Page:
New research carried out at the University of Leicester suggests that Barack Obama has become a 'glorious mascot' for biethnic people seeking to achieve in the workplace.
The US president is seen to give inspiration and new impetus to biethnic people who seek to achieve 'against the odds.'
Postgraduate researcher Rana Sinha has studied if a biethnic background provides any advantage to a biethnic adult in adapting to the modern international workplace. The study has been carried out at the University of Leicester Centre for Labour Market Studies.
Rana says: "The number of biethnic or biracial people, who are children born to parents from different ethnic backgrounds has grown rapidly all over the globe. There are many studies of how biracial or biethnic children and adolescents adapt to their environment where monoethnic people, who are children born to parents from the same ethnic backgrounds are a majority by default. But there is almost no research on how biethnic adults adapt to the workplace.
"My research at the University of Leicester aimed to discover if a biethnic background provides any advantage to a biethnic adult in adapting to the modern international workplace.
"Barack Obama, the eloquent president of the USA has now become a glorious mascot for biethnic people as highly successful and able individuals, who rise and succeed against many odds."
What then are the odds biethnic adults face at the workplace? The findings of this research did not refute a commonly prevalent stereotype that biethnic children should identify with the parent of colour because society will ultimately view them from this perspective. President Barack Obama also identifies himself as black.
A second stereotype is the belief that biethnic children and adults avoid discussing their ethnic heritage. This proves to be untrue and any such reticence depends on the context and the motives of the person engaging in such discussions.
President Obama plays a very important role as a celebrity mascot in lessening the burden of the third stereotype, which portrays biethnic individuals as people who will be rejected by all ethnic/racial groups and considered to be marginal but not actual members of these groups does not hold either in a modern society.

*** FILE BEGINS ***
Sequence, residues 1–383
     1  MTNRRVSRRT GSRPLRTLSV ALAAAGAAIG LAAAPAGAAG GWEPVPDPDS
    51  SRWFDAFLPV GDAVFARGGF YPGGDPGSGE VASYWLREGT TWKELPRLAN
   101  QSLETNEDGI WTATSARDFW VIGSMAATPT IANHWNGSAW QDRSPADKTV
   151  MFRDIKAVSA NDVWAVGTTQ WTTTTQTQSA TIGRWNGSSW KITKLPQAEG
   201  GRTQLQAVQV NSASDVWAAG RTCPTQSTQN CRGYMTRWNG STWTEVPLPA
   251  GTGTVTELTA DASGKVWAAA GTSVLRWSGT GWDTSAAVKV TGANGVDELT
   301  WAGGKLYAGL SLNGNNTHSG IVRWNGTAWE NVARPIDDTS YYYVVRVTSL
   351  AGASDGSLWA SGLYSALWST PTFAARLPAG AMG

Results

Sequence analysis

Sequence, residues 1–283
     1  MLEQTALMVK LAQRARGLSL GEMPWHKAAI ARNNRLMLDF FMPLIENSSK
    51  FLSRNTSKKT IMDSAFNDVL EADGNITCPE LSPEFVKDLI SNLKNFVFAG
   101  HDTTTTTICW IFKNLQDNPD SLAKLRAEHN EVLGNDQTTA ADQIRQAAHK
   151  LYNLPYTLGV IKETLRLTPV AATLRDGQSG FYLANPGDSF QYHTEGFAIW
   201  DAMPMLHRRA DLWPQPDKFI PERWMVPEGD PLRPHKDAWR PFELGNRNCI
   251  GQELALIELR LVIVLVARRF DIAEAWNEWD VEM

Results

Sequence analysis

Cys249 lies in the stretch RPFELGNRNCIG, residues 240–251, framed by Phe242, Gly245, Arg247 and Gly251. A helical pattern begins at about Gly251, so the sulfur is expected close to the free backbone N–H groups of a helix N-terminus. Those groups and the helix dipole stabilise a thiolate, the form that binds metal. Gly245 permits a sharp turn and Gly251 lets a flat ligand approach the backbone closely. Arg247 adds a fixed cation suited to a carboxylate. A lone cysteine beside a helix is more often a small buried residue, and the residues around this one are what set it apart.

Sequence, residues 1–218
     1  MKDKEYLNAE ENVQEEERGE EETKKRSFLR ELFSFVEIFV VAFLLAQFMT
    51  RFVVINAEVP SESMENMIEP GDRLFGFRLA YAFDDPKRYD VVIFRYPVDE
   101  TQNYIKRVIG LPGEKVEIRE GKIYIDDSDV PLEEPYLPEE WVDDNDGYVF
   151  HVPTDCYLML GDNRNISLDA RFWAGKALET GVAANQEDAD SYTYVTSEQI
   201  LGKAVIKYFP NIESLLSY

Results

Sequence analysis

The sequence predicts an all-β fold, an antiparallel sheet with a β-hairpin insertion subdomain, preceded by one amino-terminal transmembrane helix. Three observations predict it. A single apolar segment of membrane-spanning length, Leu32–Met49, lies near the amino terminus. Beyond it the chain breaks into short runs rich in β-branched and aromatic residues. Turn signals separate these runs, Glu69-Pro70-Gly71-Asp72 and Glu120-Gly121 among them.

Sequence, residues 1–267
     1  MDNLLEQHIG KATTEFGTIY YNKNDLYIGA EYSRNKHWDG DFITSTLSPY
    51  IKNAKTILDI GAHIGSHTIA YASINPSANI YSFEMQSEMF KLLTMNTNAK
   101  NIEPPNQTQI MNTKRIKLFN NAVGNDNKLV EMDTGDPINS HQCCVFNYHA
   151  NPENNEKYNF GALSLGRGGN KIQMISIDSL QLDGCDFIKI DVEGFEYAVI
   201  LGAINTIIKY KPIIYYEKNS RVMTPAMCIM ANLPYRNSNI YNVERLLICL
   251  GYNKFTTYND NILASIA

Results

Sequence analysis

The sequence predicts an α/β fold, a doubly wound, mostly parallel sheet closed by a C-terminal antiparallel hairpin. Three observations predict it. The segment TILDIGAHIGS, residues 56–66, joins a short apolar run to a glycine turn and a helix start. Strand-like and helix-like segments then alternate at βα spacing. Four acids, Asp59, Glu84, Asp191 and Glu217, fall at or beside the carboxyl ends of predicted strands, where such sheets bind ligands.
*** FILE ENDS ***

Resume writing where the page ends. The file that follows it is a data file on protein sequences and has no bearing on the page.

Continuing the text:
Biethnic adults may even adapt to the workplace norms and behavioural requirements better. This is because they have acquired better tools through wider perspective and exposure to differing norms and behaviours in their own background. Biethnicity when combined with suitable personality traits, motivation and life experience could produce better adaptation. However, all the interviewees in this research were quick to point out that biethnicity by itself does not automatically make for better adaptation, but biethnicity is a possibility and not an automatic advantage.
The research focuses on Finland- which is very different from a melting pot society like the USA or multiethnic UK.
Rana's biethnicity at the workplace research found:
• Biethnic adults adapt well to the international workplace in Finland from their own perspective and also when they contrast their own adaptation to that of the monoethnic majority in the workplace
• Biethnicity and other factors affect how biethnic adults adapt to the workplace in Finland. Being biethnic gives a unique perspective but personality traits, skills, motivation, individual life circumstances, and most importantly the interplay with others at the workplace play a greater role in the adaptation process
• Many organisations in Finland do not have any measures for facilitating the socio-cultural adaptation of employees by focussing on norms and behavioural skills requirements, though they often have normative systems for inducting new employees by guiding them through work processes, organisational systems, and task requirements
Rana said: "The research findings suggest that organisations should consider integrating norms and behavioural skills requirements into strategies for improving organisational socialization of employees in addition to task and process induction."
Source: University of Leicester
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